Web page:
Giant Asteroid 2018 GE3 Just Had A Close Call With Earth, And No One Saw It Coming

The football field-sized asteroid darted past us at half the lunar moon distance on Sunday, hours after it was first spotted.

3D illustration of a giant asteroid closing in on Earth.
Markusenes / Shutterstock

The football field-sized asteroid darted past us at half the lunar moon distance on Sunday, hours after it was first spotted.

A massive asteroid the size of a football field whizzed past us in the early hours of April 15, in one of the scariest near misses in more than 15 years, Space.com reports.

The asteroid, dubbed 2018 GE3, was spotted less than a day before its close encounter with our planet, shows the Minor Planet Center of the International Astronomical Union.

With all the commotion going on over the weekend — as NASA prepared for the launch of its new planet-hunting satellite, Transiting Exoplanet Survey (TESS) — the U.S. space agency was taken completely by surprise and didn’t even realize 2018 GED was coming.

The giant asteroid was sighted a mere 21 hours before its closest approach to Earth by the Catalina Sky Survey in Tucson. Astronomers at the NASA-sponsored program first locked eyes on 2018 GE3 on Saturday (April 14) at 5:23 a.m. EDT (09:23 GMT).

Almost a day later, asteroid 2018 GE3 came whizzing by at about half the distance between Earth and the moon, notes Fox News.

Its closest approach to our planet occurred at around 2:41 a.m. EDT (06:41 GMT) on Sunday when the asteroid came just 192,000 kilometers (119,500 miles) away from Earth’s atmosphere.

The last time a giant asteroid swept by within half the lunar distance was in 2002, reports CNET, when asteroid 2002 MN missed Earth by just 120,000 kilometers (74,564 miles) on June 14.

According to ScienceAlert, 2018 GE3 buzzed by at a speed of 106,000 kilometers per hour (66,000 miles per hour) and would have caused some serious damage had it collided with our planet.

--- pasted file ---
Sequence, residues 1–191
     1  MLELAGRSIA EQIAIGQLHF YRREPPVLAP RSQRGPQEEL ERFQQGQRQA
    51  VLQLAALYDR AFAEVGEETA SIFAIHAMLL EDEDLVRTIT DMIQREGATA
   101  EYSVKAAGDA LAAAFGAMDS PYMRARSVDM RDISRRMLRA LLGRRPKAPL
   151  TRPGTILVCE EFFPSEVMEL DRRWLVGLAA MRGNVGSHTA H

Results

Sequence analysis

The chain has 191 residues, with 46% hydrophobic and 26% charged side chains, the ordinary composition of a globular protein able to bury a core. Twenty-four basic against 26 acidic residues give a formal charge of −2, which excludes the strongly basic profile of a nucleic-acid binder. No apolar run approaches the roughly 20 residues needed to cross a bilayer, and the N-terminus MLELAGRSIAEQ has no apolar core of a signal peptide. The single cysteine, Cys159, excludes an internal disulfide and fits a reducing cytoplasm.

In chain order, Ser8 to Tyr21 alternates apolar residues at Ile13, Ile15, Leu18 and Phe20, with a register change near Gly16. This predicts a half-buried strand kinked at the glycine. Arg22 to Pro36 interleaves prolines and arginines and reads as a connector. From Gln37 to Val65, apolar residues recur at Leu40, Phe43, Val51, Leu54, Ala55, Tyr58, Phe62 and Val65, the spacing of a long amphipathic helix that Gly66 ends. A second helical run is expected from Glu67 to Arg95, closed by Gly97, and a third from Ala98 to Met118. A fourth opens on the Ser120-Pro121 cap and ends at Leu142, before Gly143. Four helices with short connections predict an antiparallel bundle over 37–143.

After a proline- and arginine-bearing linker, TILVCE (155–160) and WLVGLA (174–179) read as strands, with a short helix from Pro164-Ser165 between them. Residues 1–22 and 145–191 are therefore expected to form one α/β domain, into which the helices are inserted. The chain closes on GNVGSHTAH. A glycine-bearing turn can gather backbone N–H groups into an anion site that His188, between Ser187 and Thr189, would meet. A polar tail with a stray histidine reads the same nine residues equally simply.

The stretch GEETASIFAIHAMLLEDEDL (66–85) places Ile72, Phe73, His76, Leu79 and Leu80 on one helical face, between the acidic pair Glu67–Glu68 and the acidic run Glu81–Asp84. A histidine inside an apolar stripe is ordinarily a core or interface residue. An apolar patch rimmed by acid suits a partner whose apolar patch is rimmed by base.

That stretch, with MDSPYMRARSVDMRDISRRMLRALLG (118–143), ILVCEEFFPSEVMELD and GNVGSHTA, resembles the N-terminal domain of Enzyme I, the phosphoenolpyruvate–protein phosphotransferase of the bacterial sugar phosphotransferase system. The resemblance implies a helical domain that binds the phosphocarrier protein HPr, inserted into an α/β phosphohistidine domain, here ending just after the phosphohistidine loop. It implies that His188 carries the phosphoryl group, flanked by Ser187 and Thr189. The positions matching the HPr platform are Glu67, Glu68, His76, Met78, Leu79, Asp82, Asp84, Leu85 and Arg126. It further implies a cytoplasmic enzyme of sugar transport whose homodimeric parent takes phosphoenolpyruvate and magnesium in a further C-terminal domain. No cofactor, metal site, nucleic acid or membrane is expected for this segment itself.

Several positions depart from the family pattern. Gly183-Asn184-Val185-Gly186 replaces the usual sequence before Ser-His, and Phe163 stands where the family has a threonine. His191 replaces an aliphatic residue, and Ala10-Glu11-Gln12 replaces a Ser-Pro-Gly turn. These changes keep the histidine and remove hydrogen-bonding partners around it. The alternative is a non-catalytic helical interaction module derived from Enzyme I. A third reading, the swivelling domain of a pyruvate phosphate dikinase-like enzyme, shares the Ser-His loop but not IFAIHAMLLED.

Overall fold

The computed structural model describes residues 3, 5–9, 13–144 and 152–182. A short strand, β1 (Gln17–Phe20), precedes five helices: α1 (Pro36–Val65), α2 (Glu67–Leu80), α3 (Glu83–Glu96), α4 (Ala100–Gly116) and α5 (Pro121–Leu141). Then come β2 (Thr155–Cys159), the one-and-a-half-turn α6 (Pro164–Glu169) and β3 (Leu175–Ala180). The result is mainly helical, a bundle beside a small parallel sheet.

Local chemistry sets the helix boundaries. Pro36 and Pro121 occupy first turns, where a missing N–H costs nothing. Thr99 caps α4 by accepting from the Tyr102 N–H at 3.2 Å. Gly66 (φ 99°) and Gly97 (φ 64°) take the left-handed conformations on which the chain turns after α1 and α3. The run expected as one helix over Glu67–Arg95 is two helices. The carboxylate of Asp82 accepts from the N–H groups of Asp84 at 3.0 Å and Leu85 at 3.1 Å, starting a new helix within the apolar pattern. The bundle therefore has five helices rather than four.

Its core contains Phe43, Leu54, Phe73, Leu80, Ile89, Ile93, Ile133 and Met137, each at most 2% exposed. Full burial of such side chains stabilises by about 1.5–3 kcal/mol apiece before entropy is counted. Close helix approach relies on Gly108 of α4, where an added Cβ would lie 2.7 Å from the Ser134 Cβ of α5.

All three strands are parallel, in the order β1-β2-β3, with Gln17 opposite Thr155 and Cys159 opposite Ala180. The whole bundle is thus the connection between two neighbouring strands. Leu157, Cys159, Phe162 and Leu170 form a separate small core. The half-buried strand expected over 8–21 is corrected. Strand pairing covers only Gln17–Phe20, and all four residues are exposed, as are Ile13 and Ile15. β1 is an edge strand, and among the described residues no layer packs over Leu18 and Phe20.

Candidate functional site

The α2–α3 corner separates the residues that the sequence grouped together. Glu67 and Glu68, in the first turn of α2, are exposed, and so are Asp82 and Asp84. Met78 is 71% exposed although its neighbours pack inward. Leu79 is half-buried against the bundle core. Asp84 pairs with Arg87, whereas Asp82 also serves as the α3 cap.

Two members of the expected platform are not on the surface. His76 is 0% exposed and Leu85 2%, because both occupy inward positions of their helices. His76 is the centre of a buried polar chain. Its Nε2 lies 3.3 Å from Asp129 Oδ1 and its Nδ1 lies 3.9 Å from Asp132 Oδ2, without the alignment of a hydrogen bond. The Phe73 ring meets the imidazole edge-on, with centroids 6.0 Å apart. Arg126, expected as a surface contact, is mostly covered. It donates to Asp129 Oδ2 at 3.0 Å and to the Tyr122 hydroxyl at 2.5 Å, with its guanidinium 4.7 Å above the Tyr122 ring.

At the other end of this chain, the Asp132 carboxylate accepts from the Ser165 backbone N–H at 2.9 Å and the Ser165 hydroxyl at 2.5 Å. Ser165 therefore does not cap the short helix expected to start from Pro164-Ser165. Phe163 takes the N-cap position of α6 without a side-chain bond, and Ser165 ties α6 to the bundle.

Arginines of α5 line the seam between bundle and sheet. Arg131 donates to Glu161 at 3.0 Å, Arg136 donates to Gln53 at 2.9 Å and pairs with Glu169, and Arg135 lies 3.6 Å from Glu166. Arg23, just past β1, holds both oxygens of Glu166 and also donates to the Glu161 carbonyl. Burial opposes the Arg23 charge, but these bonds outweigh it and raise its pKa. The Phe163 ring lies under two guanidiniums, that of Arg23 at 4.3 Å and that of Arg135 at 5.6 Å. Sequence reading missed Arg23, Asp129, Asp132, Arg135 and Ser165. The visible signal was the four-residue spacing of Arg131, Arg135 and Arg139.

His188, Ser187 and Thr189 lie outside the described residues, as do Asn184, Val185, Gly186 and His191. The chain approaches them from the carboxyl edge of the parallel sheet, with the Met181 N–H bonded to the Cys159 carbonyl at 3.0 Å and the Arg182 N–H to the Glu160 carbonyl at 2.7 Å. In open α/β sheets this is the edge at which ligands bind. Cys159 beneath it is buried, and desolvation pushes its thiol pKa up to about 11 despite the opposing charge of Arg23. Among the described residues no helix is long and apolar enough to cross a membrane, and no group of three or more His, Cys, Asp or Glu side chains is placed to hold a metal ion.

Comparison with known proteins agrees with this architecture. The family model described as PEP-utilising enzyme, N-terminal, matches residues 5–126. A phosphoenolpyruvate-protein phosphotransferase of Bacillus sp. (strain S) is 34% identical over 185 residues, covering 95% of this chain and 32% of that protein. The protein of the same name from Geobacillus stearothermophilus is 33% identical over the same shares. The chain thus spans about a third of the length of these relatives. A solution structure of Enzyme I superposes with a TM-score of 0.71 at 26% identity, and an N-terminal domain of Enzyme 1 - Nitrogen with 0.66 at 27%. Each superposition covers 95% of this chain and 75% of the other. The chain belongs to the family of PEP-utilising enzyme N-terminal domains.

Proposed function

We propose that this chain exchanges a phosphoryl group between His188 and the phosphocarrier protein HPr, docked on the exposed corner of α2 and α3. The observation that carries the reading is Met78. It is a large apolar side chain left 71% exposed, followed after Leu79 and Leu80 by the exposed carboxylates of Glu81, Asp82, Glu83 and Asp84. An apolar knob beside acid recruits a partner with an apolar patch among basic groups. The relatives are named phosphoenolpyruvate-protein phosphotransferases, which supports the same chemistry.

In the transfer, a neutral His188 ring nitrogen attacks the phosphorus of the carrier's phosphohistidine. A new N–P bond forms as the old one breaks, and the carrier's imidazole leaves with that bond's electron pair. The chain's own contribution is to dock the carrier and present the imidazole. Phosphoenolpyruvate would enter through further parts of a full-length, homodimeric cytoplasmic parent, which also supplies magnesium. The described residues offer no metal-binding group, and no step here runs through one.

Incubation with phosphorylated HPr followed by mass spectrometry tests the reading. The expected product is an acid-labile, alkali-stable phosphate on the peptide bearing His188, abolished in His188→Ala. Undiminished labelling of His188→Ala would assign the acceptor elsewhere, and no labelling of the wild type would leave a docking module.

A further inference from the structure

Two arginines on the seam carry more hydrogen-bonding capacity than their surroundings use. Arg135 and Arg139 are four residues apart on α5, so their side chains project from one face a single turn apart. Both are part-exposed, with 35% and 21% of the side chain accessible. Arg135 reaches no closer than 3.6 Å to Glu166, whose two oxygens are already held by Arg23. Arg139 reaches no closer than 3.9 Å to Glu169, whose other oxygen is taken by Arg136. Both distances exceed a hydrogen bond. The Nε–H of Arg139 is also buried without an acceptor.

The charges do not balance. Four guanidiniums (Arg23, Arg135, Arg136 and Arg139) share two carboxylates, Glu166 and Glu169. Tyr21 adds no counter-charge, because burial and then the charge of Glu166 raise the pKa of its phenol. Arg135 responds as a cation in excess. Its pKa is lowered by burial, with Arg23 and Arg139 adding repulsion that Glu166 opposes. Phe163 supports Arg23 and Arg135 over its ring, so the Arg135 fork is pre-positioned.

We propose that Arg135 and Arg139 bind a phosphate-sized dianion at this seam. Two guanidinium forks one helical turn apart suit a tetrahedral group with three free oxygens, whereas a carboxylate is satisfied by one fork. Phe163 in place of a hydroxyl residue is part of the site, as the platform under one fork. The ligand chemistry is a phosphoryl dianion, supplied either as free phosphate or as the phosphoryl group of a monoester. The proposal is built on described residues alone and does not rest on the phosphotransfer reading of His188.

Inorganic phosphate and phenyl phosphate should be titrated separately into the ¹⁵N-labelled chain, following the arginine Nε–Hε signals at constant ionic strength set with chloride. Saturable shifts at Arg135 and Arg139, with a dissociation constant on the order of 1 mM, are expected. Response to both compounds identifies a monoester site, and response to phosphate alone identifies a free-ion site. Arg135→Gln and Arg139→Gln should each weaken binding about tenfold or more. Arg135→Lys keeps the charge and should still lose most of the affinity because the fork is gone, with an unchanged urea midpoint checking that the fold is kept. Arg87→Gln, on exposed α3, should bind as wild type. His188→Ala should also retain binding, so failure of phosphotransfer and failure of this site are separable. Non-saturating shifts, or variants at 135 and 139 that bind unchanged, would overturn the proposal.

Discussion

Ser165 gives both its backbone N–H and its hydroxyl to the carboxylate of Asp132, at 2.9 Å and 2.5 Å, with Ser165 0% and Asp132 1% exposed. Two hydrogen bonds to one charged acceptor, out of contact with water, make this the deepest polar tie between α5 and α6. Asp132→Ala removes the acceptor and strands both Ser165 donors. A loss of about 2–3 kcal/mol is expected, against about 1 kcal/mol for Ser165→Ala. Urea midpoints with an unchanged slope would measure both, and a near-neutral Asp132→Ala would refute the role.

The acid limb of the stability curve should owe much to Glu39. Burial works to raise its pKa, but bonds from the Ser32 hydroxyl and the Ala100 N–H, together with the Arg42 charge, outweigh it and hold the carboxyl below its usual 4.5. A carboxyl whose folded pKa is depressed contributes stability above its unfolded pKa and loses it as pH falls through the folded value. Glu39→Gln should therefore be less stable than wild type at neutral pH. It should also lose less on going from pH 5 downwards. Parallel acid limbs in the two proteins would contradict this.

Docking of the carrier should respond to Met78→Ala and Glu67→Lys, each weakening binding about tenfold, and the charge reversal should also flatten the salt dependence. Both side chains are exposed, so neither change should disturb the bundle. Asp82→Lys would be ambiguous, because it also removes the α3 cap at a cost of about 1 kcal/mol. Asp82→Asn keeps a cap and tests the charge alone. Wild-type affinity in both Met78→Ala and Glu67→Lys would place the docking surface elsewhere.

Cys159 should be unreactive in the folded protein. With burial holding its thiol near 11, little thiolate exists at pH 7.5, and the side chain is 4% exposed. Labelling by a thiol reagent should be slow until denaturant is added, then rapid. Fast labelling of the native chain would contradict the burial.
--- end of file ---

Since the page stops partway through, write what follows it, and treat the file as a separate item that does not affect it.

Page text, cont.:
The sheer size of 2018 GE3, estimated to be 3.6 times larger than the Tunguska asteroid that wreaked havoc in 1809 when it exploded over Siberia in Russia, was enough to pose a genuine threat.

The newfound asteroid was estimated to be 48 to 110 meters (157 to 360 feet) in diameter. That’s about three to six times wider than the space rock that penetrated the Earth’s atmosphere in 2013 and exploded over the city of Chelyabinsk in Russia, packing 20 to 30 times the energy of the Hiroshima atomic bomb, notes EarthSky.

“If 2018 GE3 had hit Earth, it would have caused regional, not global, damage, and might have disintegrated in the atmosphere before reaching the ground,” Spaceweather.com explained in a Facebook post.

“Nevertheless, it is a significant asteroid, illustrating how even large space rocks can still take us by surprise,” the media outlet pointed out.

Last month, NASA almost missed another very close encounter with asteroid 2018 DV1, which was detected only five days before it zoomed past us on March 2. The asteroid, though significantly smaller in size than 2018 GE3, came even closer than last Sunday’s surprise flyby, soaring past our planet at less than one-third of the distance between the Earth and the moon.